Making CRM Social
I don’t think there is any argument out there that Salesforce is the leader in the customer relationship management (CRM) space. I’ve not checked the analyst reports on the topic in some time, but I’d wager that Microsoft is a distant 2nd place, with smaller vendors spreading out in long-tail fashion. Salesforce got a PR bump around the inclusion of their social capability, Chatter, but honestly, I don’t think it moved the needle for them at all, just as Microsoft adding Yammer to their Dynamics CRM solution produced a yawn from most customers — not because I think this was a minor occurrence, or that there isn’t value in adding social capability to CRM. Quite the contrary. The problem is that integration of social collaboration into the CRM strategy has not quite caught on.
Traditional CRM focuses, for the most part, on sales and support organizations: sales representatives will track the sales pipeline and each interaction with a prospect within their CRM tool, and keep record of any product or service purchases. Likewise, support may use their CRM platform, often with integration to some kind of IT ticketing system, as a sort of case management platform to keep track of all support interactions — and remind them when to follow up. Even with sales and support under the same roof, the data captured by these two teams is often separate, meaning there is little to no visibility of their interactions across teams. I have personally experienced the frustration with a sales interaction with a vendor whose salesperson was oblivious to the fact that my team had multiple support tickets logged with their company, and so would not be interested in hearing about new products and features. Most of us can probably relate to this experience.
The problem with most existing tools, or tool implementations, is when someone in the company needs a comprehensive view of the customer — where they are within the product lifecycle, which marketing campaigns they have received, how many tickets they have called in, how their input may have impacted the product or service lifecycle, or how they have responded to CSAT/DSAT (customer satisfaction or dissatisfaction) surveys. The ability to stand back and look at an customer profile in its entirety is difficult, if not impossible for most CRM platforms.
But even if all of this data is available in a common CRM platform, how often it is all updated with real-time data is still an issue. What is missing from the mechanics of these systems are internal and external social tools. Let me expand on this:
Social is used internally to improve the customer experience by connecting teams in real-time through instant messaging, web meetings, presence awareness, activity feeds, threaded discussions, and collaboration — all of which improves the data, content, and tags associated with customer profiles, allowing customer service reps, salespeople, and anyone else that needs to interact with that customer to more quickly find out what they need to know to provide the best level of service.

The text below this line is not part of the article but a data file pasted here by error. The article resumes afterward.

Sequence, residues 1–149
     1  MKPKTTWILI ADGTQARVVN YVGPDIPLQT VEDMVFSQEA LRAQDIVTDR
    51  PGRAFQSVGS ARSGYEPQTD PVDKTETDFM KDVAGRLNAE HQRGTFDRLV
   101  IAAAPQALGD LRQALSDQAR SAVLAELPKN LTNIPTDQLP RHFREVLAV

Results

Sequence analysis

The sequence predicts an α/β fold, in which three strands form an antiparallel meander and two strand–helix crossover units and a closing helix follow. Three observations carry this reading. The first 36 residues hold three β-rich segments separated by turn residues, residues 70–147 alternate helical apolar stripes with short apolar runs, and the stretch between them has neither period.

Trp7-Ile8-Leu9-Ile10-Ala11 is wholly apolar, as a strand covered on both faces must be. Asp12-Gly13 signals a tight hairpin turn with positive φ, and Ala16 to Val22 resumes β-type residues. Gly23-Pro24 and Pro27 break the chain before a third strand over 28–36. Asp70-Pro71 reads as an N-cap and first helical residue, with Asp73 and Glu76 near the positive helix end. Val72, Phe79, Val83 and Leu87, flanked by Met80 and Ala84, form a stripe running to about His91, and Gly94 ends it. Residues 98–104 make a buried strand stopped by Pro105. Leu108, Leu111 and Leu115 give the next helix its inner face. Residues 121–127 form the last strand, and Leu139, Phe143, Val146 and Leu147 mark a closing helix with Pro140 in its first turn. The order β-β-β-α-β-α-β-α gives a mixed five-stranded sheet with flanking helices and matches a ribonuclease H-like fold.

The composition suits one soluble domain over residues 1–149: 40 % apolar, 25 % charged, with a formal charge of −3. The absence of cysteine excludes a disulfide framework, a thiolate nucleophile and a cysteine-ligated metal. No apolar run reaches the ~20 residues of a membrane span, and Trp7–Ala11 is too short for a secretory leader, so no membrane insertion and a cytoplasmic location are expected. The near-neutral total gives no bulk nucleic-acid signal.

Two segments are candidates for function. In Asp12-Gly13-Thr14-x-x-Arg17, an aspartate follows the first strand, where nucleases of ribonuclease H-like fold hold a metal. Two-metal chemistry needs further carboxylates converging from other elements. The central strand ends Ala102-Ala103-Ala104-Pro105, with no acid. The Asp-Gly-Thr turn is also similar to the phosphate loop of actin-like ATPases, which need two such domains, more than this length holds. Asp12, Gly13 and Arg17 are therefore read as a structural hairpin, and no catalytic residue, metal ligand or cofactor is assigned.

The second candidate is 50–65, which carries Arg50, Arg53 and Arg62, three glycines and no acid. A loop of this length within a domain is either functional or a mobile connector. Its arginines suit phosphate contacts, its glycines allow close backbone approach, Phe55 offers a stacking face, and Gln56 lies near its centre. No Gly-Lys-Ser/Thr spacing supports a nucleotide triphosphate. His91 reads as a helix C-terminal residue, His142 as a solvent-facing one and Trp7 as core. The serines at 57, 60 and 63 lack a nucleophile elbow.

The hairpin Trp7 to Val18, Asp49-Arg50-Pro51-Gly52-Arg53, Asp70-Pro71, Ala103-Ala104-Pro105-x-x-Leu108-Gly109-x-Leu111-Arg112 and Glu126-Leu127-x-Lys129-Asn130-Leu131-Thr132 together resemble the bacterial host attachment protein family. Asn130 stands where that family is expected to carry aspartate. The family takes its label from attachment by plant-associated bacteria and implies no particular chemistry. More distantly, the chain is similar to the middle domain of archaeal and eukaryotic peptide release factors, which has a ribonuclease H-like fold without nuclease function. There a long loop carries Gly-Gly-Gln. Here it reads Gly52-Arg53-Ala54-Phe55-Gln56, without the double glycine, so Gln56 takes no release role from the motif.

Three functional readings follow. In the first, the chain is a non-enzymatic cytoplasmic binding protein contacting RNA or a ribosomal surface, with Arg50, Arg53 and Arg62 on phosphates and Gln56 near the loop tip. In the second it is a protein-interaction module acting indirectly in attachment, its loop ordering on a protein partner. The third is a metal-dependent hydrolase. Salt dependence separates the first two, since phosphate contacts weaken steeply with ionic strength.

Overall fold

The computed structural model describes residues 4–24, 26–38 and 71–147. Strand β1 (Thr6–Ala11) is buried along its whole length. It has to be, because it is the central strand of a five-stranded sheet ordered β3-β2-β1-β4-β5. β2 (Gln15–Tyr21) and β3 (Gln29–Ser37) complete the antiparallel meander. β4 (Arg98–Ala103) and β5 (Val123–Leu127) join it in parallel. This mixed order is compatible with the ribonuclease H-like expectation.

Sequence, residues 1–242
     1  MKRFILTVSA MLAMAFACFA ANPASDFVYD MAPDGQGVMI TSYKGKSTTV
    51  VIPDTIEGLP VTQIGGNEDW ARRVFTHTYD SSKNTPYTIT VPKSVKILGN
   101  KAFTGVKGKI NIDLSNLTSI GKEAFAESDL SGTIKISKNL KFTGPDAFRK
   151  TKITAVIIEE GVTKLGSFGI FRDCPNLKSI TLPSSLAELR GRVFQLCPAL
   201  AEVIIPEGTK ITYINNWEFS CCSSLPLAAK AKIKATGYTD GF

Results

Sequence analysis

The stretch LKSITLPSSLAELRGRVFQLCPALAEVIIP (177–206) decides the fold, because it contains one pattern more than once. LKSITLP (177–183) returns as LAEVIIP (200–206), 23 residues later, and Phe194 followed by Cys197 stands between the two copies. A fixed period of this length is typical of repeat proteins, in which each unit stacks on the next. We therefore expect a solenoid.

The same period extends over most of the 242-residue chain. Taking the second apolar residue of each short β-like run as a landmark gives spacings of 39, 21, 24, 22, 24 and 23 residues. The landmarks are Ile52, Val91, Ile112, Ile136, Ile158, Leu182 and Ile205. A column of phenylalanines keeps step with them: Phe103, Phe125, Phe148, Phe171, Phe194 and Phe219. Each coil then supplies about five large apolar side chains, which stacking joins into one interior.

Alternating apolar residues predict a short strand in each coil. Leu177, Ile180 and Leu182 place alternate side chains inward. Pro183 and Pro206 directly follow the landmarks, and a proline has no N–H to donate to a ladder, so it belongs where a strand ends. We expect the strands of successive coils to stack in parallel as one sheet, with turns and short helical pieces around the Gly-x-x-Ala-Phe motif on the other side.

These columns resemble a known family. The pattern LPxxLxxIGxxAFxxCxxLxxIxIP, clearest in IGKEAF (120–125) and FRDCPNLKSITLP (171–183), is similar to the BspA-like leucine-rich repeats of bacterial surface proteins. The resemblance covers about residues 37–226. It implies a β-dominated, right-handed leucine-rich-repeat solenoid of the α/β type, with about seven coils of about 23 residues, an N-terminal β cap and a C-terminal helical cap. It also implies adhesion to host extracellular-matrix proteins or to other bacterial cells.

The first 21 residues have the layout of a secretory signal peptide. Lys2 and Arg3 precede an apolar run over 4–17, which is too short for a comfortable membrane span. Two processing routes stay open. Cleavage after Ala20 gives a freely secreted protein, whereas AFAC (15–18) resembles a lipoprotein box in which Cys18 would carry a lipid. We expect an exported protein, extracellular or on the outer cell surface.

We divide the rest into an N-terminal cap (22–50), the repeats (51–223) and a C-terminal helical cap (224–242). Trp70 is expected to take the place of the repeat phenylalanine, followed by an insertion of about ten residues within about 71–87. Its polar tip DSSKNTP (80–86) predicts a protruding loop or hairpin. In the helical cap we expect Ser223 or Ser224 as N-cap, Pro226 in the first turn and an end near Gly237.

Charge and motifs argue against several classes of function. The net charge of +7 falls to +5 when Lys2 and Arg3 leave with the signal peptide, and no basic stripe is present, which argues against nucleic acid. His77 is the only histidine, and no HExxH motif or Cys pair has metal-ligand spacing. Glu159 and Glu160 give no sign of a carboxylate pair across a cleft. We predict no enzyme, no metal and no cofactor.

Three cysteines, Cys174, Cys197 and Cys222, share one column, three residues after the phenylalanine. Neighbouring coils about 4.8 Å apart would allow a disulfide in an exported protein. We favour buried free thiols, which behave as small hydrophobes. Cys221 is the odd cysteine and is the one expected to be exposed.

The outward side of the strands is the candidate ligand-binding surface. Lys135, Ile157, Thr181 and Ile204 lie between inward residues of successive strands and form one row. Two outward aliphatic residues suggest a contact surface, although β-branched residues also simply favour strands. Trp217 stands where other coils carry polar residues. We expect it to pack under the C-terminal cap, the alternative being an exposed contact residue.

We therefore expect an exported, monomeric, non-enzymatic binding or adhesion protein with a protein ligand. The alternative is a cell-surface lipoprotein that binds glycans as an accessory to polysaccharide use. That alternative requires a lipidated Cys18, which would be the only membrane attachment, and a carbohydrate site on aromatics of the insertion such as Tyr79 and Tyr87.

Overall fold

Social is used externally to enable employees to interact with the customer more easily, using all of the same methods as they connect with internally. Additionally, companies can set up alerts, essentially listening for any customer (or competitive) chatter that may help them more quickly identify a satisfied or dissatisfied customer — and automate the response through the feedback channel (responding via Twitter, Facebook, LinkedIn, and so forth), modify the marketing campaign for that customer (position a different message or maybe another product), or simply reach out to the customer directly.
There are a number of tools and vendors beginning to develop solutions for this space — but social CRM is less about the technology at play, and more to do with the strategy that is employed by your company. And because this is a strategic activity — requiring IT and sales organizations to be a bit more proactive in their search for solving these problems — most organizations have not yet caught on. If you don’t see the problem, you’re not going to recognize the available solutions. Companies that do recognize it will have a very distinctive competitive advantage.
Are you truly investing in the customer experience? Before you spend time and money and resources in building out a complex platform and toolset, take the time to identify and map out the customer metrics that you will use to measure the success of your customer experience. Focus on the methods that will drive the most impact for your customers — and as the metrics improve, iterate on your model, adding new capabilities and data points with which you can measure your customer impact. Developing a culture around customer success is as important as the technology you deploy — and should be a key component of your corporate strategy.